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Moscow Medical Staff Keep Pressure on Authorities With Massive Street Protest

Protesters escorting a coffin with the words “There weren’t enough hospital beds for me” in Moscow on Sunday.

More than a thousand health care workers took to the capital's streets Sunday to keep the pressure on authorities amid ongoing medical reforms that critics say are being conducted for financial gain over anything else.

The reforms, which were initiated by President Vladimir Putin upon his return to the presidency in in 2012, have been ongoing for several years but only recently became cause for widespread concern after it became known that 28 hospitals would be closed in the capital alone and thousands of medical workers laid off.

City officials say the reform will boost efficiency by merging smaller clinics that lack the full range of medical services with larger centers capable of treating a wider range of illnesses. They say it is necessary to optimize a decrepit Soviet-era system.

Semyon Galperin and Olga Demicheva, two of the protest's organizers and staff members at the city's Hospital No. 11, insist they are not opposed to reforming the health care system, but that the current plan was made without taking into account input from medical workers themselves.

On Sunday, demonstrators issued two demands to authorities: stop the ongoing health care reform that has seen hundreds of medical workers laid off, and hold proper discussions with all parties concerned before continuing with the plan.

Estimates on attendance varied, with Moscow police putting turnout at 1,500 people but media and some participants citing figures of between 4,000 and 10,000.

Some demonstrators carried signs in the shape of the grim reaper or even dressed as the reaper himself. Others carried a life-size coffin with a dummy inside, bearing the caption: "There weren't enough hospital beds for me."

Another banner read: "Save money on war, but not on doctors."

Similar protests were held in cities across the country over the weekend, including St. Petersburg, Perm, Bryansk, Vladivostok and Blagoveshchensk.

Public Pressure

Galperin told The Moscow Times ahead of the Moscow march that the movement against the current reforms had already had an impact and forced city authorities to listen to critics' demands.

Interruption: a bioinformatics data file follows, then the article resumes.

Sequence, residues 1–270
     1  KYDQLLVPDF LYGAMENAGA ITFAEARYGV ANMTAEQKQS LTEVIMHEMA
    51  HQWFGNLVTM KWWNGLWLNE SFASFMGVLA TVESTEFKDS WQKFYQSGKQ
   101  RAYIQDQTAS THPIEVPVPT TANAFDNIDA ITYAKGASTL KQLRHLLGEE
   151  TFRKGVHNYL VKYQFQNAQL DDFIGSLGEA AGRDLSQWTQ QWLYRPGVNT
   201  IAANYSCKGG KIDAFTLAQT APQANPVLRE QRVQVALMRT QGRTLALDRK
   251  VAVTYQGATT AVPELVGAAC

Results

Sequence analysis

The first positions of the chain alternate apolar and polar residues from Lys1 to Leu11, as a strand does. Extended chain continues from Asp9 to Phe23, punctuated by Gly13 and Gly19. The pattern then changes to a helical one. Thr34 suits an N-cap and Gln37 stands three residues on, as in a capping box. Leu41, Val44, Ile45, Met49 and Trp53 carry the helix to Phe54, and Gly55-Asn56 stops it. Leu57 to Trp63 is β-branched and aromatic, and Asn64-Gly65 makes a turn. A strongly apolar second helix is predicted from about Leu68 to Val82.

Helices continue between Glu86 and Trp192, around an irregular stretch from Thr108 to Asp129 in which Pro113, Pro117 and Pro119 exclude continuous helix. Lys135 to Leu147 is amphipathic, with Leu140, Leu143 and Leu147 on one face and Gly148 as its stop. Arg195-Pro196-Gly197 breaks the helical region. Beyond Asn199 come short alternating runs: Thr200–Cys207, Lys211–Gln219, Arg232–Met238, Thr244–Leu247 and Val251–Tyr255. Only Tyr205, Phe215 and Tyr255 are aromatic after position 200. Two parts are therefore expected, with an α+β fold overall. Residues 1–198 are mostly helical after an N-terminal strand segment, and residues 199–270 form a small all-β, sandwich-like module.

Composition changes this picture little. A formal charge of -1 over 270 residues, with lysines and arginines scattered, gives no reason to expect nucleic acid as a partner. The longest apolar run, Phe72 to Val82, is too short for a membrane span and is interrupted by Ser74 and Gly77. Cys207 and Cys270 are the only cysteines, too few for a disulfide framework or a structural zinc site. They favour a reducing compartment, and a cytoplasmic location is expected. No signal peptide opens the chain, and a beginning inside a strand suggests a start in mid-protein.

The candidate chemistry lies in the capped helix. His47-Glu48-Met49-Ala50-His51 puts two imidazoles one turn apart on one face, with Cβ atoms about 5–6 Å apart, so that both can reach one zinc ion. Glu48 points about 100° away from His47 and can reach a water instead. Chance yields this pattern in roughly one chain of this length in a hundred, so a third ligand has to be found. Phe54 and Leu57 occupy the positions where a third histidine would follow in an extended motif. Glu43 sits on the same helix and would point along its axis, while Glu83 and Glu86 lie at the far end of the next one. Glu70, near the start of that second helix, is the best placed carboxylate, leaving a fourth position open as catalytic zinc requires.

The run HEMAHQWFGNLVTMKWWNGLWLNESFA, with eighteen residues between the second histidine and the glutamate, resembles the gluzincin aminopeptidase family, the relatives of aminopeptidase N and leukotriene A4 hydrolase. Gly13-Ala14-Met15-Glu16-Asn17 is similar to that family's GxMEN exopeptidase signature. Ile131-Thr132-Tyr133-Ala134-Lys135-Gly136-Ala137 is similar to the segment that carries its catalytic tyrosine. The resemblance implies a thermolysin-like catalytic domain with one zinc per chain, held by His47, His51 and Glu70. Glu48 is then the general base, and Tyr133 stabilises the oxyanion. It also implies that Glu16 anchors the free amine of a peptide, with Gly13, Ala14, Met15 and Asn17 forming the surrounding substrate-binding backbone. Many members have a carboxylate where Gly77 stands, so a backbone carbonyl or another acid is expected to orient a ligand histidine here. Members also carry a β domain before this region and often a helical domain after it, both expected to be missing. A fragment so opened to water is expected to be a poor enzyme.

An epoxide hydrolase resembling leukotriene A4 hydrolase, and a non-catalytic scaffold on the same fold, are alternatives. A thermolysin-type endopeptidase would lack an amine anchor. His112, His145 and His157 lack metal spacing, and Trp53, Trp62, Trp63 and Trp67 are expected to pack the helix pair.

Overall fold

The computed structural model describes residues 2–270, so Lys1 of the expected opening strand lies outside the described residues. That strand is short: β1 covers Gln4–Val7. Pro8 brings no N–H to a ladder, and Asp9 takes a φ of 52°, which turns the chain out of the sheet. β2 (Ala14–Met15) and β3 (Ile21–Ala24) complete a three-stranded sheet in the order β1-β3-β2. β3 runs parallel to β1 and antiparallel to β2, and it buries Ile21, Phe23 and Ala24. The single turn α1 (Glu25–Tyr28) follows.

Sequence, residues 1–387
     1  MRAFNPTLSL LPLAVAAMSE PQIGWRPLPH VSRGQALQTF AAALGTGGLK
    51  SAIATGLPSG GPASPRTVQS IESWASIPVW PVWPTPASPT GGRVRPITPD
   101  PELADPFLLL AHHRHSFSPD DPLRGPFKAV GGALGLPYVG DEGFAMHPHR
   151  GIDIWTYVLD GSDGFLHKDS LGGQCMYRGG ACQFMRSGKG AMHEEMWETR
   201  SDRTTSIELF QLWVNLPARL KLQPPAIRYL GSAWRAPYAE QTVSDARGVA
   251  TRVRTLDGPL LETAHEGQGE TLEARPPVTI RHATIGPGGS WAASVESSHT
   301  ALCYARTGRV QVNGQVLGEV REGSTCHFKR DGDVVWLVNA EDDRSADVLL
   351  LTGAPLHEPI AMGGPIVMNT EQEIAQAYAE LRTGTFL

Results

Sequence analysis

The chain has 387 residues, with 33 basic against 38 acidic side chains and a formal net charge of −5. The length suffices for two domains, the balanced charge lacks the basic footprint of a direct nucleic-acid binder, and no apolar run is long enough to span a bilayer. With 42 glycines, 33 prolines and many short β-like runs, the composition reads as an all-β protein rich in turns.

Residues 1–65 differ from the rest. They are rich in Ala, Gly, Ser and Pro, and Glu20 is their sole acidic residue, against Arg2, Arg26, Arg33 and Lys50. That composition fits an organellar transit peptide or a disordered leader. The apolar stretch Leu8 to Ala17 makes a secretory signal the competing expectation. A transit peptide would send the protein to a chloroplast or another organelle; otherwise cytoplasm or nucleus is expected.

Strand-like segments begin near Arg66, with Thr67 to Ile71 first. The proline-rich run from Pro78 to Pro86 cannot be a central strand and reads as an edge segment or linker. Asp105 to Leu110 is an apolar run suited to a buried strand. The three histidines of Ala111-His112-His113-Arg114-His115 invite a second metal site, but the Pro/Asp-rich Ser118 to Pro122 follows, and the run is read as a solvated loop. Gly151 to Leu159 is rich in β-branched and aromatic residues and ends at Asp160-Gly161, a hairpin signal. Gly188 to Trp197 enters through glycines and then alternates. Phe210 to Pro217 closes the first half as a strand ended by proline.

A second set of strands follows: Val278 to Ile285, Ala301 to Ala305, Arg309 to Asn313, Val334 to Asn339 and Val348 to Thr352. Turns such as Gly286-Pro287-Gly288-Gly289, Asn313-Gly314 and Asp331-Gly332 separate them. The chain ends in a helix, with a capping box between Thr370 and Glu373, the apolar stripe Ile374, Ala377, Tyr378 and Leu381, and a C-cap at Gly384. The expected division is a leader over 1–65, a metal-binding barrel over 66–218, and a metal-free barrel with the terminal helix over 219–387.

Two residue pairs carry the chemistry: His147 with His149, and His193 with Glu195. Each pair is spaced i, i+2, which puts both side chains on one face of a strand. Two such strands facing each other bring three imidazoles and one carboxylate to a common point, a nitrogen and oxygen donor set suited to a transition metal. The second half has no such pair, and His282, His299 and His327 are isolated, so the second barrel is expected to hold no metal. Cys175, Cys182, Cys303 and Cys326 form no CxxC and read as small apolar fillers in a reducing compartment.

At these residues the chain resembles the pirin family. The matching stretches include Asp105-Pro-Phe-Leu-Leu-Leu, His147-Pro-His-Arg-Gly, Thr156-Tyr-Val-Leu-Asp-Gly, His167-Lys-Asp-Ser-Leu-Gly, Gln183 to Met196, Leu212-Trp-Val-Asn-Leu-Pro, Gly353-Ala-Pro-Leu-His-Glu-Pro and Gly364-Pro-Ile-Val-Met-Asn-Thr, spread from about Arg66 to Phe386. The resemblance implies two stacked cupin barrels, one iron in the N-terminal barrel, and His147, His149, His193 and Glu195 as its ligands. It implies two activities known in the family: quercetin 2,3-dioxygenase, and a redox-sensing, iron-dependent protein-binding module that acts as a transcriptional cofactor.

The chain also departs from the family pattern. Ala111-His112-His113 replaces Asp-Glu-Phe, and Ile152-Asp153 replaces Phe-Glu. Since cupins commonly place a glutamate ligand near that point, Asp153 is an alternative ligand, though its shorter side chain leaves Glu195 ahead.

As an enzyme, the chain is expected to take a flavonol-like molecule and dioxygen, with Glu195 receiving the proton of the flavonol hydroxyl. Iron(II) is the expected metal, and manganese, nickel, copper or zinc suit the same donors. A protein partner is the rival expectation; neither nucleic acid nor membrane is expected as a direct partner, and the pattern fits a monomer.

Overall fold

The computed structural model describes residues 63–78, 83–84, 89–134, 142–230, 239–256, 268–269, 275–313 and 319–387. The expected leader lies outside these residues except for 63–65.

"We have already achieved some things: They agreed to consider our restructuring plan," Galperin said, adding, however, that many of the authorities' promises had so far proven to be "lies."

Just over a week ago, Putin appeared to react to the outcry by asking Moscow City Hall to reconsider its current reform plan. Several days later, the presidential human rights council urged city officials to stop laying off medical workers.

After a series of City Hall roundtable discussions, Moscow Mayor Sergei Sobyanin offered laid-off medics one-off payments of up to 500,000 rubles ($10,700) per doctor on top of the severance pay to which the employees are entitled under the law.

On Sunday, health care workers seemed unmoved by the offer, with many demanding not only that the reforms be halted, but that the city official in charge of the reforms be sacked.

Leonid Pechatnikov, the deputy mayor for social issues, came under fire for what demonstrators said were false promises and lies made to keep health care workers in check.

Galperin called from the stage for Pechatnikov's ouster, and the crowd chanted "Resign!" in response.

Efficiency or Profit?

Alla Mamontova, a psychologist and the deputy chair of Moscow's Coordination Council for the Methodical Union of Psychologists, took to the stage to condemn what she described as the financial motives for the reforms.